Day Three

Today, I decided to switch things up. I put two servings of the liquid Chlorophyll in my post-workout green smoothie, and I couldn’t taste it at all! Adding it to a smoothie is a simple way to get some extra greens in, and it made the smoothie a gorgeous dark green color.

I still couldn’t notice any results by day three. I went ahead and took the full three doses, and continued that for the remainder of the week.

Day Four

I woke up on day four dreading taking the chlorophyll. I realized I just missed drinking normal water. I’d drunk so much water over the past few days, and it all tasted a little minty. So, I decided to take the supplement in a much smaller cup of water. I mixed about 4 oz of water with the 15 drops. The flavor was much stronger, but it was easier for me to take it as a shot three times a day than mixing it with big glasses of water. 

From this day on, I took the supplement twice a day as a shooter, and once a day in a cup of water. Until this point, this challenge forced me to drink a lot more water than normal, over 84 ounces a day! I was determined to keep up this hydration streak.

Day Five

This was the day I saw the first signs of the chlorophyll  working. I am pretty sensitive to gluten — if I eat it more than four or five times in a week, my stomach expands like a painful, bloated balloon. I ate a bagel at dinner, and usually this would cause me some discomfort.

After eating, I took a shot of chlorophyll, and had no stomach discomfort at all! I’m hesitant to totally credit this to the supplement, but it definitely could be thanks to the chlorophyll.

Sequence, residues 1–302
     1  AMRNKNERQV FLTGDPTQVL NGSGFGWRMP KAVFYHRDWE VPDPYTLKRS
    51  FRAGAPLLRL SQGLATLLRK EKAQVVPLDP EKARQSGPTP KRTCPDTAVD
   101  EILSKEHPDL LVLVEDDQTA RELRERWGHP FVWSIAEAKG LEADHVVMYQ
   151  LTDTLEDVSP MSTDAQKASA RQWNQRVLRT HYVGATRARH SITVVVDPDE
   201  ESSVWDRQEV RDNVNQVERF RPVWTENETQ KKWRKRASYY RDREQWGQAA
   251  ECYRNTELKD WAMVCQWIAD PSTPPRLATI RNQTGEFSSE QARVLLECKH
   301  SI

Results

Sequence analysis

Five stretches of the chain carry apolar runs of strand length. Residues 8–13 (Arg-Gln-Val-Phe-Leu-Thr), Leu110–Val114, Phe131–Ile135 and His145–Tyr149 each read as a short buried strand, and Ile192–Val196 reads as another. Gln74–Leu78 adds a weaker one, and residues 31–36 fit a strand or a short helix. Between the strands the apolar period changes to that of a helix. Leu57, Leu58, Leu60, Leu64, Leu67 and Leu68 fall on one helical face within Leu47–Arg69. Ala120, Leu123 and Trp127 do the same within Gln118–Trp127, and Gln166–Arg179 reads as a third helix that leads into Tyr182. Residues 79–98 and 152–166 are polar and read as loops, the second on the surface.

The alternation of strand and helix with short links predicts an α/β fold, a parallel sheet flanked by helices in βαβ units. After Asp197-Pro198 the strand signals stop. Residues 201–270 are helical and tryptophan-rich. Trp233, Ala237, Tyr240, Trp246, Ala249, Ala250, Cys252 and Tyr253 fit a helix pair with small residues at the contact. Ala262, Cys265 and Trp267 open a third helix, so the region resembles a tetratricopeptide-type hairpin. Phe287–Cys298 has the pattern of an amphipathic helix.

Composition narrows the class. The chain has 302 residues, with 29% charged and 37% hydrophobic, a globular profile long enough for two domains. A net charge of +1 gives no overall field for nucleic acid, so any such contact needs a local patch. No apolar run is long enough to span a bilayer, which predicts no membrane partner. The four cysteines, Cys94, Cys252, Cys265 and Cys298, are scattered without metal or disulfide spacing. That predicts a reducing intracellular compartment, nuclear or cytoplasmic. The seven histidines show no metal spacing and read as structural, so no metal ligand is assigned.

Day Six

Okay… maybe this actually does reduce body odor. I was skeptical, but after a hard workout today, I didn’t smell at all. After yesterday’s de-bloating, I started to have more faith in the benefits of liquid chlorophyll. 

At the end of this week, I didn’t see much noticeable change. My skin, which is pretty unproblematic on its own, definitely had a nice glow — that could have been from the hydration though. I didn’t notice a change in my gut health, or body odor. As Moskovitz tells Her Campus, “Whatever results you achieve from taking these supplements will only last as long as you continue to take them. It is a long-term commitment.” So in order to see drastic changes, chlorophyll would have to become a permanent part of my routine.

Overall, I really enjoyed incorporating this supplement into my routine. It encouraged me to drink more water and green smoothies, and I didn’t feel any adverse effects. Will I continue taking chlorophyll? Probably, until my $11 bottle runs out. And, would I recommend it? Sure! Of course, it is always best to consult with a doctor before adding a supplement to your diet, but I think it’s worth a shot (pun intended).


Lisa Moskovitz, Registered Dietician and CEO of NY Nutrition Group

Sammi Haber Brondo, M.S., Registered Dietician and Author of The Essential Vegetable Cookbook

Allie Leeds is a Journalism student at NYU. When she isn't writing an essay or an article, she can be found blasting Taylor Swift music in the car, reading a novel from Rory Gilmore's reading list, or binging the latest Netflix series.